Creation and evolution. Some folks believe God created the universe a few thousand years ago by speaking certain phrases. Others believe everything is a matter of chance, mutation and a lot of time. These two groups of people like to argue with each other; name calling, anger, misinformation - and the occassional fair and wonderful dialogue. But is it all really worth it? Why do we spend time bantering back and forth on the topic when we could be doing so many other things?
Well, I think it's because we like to argue. Feeling right is a good ego boost. I think it's because we like to persuade, and nothing seems so noble as removing falsehoods from another's worldview. But no matter the intentions, should we continue to debate the topic as intensely as we have? (Note: by "we" I mean those who actually care to become informed and take the debate seriously, and participate in a civil manner. For those who just like to insult the intelligence of others, lie, manipulate data, etc...those folks should get out of any debate and learn how to deal with people.)
(I also mean those other than I, since I feel little need to jump into this particular fray. My wife is an environmental educator, with degrees in biology and fisheries/wildlife management from a large public University. Even she's not terribly interested in the debate. Our priorities lie elsewhere. My post here is to discuss those motivated to actually debate the topic.)
If someone is to debate this topic, there should be sound reasons why. There are a large number of problems in the world that need solving, and C vs. E is not necessarily higher on the list than, say, raising money for AIDS sufferers in Africa, or feeding the homeless in a shelter, etc. Nor, from a Christian point of view, is our mandate to "go forth and preach that God created everything in six days." No, it is to love our God/neighbors/enemies, to take care of the poor, to make disciples of all nations. Preaching the Gospel, helping others. These are to be our priorities.
That being said, there are some profound reasons why the creationist community needs to remain engaged in the discussion. For one thing, evolutionary theory, even if true, cannot explain or answer so many important spiritual/philisophical questions. The problem of suffering cannot be addressed by natural selection with an answer more helpful than "stuff happens. Adapt or be screwed." The creationist can answer this question and more - God created people with free will. Free will means the ability to choose wrongly, and consequences (i.e. evil) enter the picture. There are limits to the practicality of an evolutionary apologetic to answering some of these higher questions. Creationists, with the creator-figure behind them, have a broader perspective on these areas of inquiry.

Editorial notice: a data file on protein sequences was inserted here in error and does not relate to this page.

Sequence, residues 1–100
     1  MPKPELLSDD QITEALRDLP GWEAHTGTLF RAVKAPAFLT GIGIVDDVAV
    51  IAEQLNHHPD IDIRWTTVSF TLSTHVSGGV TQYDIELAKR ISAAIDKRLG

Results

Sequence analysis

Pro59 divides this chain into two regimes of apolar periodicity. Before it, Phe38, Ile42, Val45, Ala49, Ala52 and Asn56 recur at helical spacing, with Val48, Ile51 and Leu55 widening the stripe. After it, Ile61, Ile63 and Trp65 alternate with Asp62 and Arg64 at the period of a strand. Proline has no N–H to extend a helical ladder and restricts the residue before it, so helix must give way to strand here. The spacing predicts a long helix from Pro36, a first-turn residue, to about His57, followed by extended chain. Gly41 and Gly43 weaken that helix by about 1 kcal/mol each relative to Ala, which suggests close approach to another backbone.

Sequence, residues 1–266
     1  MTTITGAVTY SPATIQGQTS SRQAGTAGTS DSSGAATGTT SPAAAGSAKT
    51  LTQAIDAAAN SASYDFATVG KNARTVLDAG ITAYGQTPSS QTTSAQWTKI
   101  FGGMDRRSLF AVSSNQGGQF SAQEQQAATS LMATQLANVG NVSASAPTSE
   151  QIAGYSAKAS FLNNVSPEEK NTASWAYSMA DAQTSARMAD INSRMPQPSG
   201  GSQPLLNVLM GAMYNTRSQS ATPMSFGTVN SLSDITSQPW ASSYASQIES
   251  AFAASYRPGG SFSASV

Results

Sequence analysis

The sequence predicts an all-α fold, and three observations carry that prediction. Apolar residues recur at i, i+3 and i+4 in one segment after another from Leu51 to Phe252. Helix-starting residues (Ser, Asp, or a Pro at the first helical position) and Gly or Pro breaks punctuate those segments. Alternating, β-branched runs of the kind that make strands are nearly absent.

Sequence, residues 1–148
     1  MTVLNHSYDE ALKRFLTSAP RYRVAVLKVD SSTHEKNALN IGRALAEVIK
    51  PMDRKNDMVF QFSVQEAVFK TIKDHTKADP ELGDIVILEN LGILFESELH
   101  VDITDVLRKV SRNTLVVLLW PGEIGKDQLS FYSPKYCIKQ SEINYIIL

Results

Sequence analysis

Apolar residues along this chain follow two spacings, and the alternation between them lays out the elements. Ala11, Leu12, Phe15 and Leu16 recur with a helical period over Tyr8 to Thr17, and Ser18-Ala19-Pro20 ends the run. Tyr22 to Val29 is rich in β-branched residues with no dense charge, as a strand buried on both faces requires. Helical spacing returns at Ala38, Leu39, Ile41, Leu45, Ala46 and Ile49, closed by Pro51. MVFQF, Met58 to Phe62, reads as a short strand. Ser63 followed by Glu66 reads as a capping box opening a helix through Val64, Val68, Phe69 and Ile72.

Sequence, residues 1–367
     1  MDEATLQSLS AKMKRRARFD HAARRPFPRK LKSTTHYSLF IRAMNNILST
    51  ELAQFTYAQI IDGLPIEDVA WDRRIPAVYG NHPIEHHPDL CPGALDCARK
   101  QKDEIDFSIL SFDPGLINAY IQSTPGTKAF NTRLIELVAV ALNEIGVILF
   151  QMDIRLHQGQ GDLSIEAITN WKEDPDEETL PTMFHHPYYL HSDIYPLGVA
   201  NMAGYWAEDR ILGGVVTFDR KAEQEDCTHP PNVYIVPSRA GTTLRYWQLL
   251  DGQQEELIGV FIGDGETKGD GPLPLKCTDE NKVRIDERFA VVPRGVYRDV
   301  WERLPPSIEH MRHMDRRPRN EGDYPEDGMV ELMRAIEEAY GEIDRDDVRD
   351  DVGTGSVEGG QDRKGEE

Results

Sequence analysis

Second, the evolutionary community needs to be kept honest and tested. There are a number of people (not all evolutionists - not even most, perhaps) who believe so strongly in their atheistic worldview that they are "religiously" dogmatic about evolution. This is never good for science. Any theory needs to be tested, and one as complex as evolution needs to be tested greatly. For science to advance, challenges are needed.
Third, God wants us to seek the truth. Nobody should believe a lie. In a matter as contentious as this one, we should make every effort to honestly promote truth seeking, dogma questioning, and evidence interpreting.
Finally, there are worldview concerns at stake. Evolutionary theory leads, ultimately, without God, to a deterministic universe void of meaning. Free will turns out to be an illusion, and nothing is ultimately significant. Creationism holds that we are created for a purpose. These two views of reality are starkly different. As billions of people seek answers relating to meaning pretty much throughout their lives, arguments arising from this debate can be incredibly useful.
Now, I know there are hybrid views (i.e. God used evolution) that attempt to bridge the problem. Take the apparent empirical advantage of evolution and tie it to the apparent spiritual/meaning advantage of creation. I don't see this view argued as strongly as the extreme positionss, but as long as the C v E debate is taking place, such hybrids will also offer different answers. Regardless of the position, seeking the truth, seeking meaning, and seeking knowledge are all good things. Of these, seeking truth is the most important. But seeking meaning is probably the most universal. To the extent the C v E debate can provide clarity and answers, it is important enough to continue holding.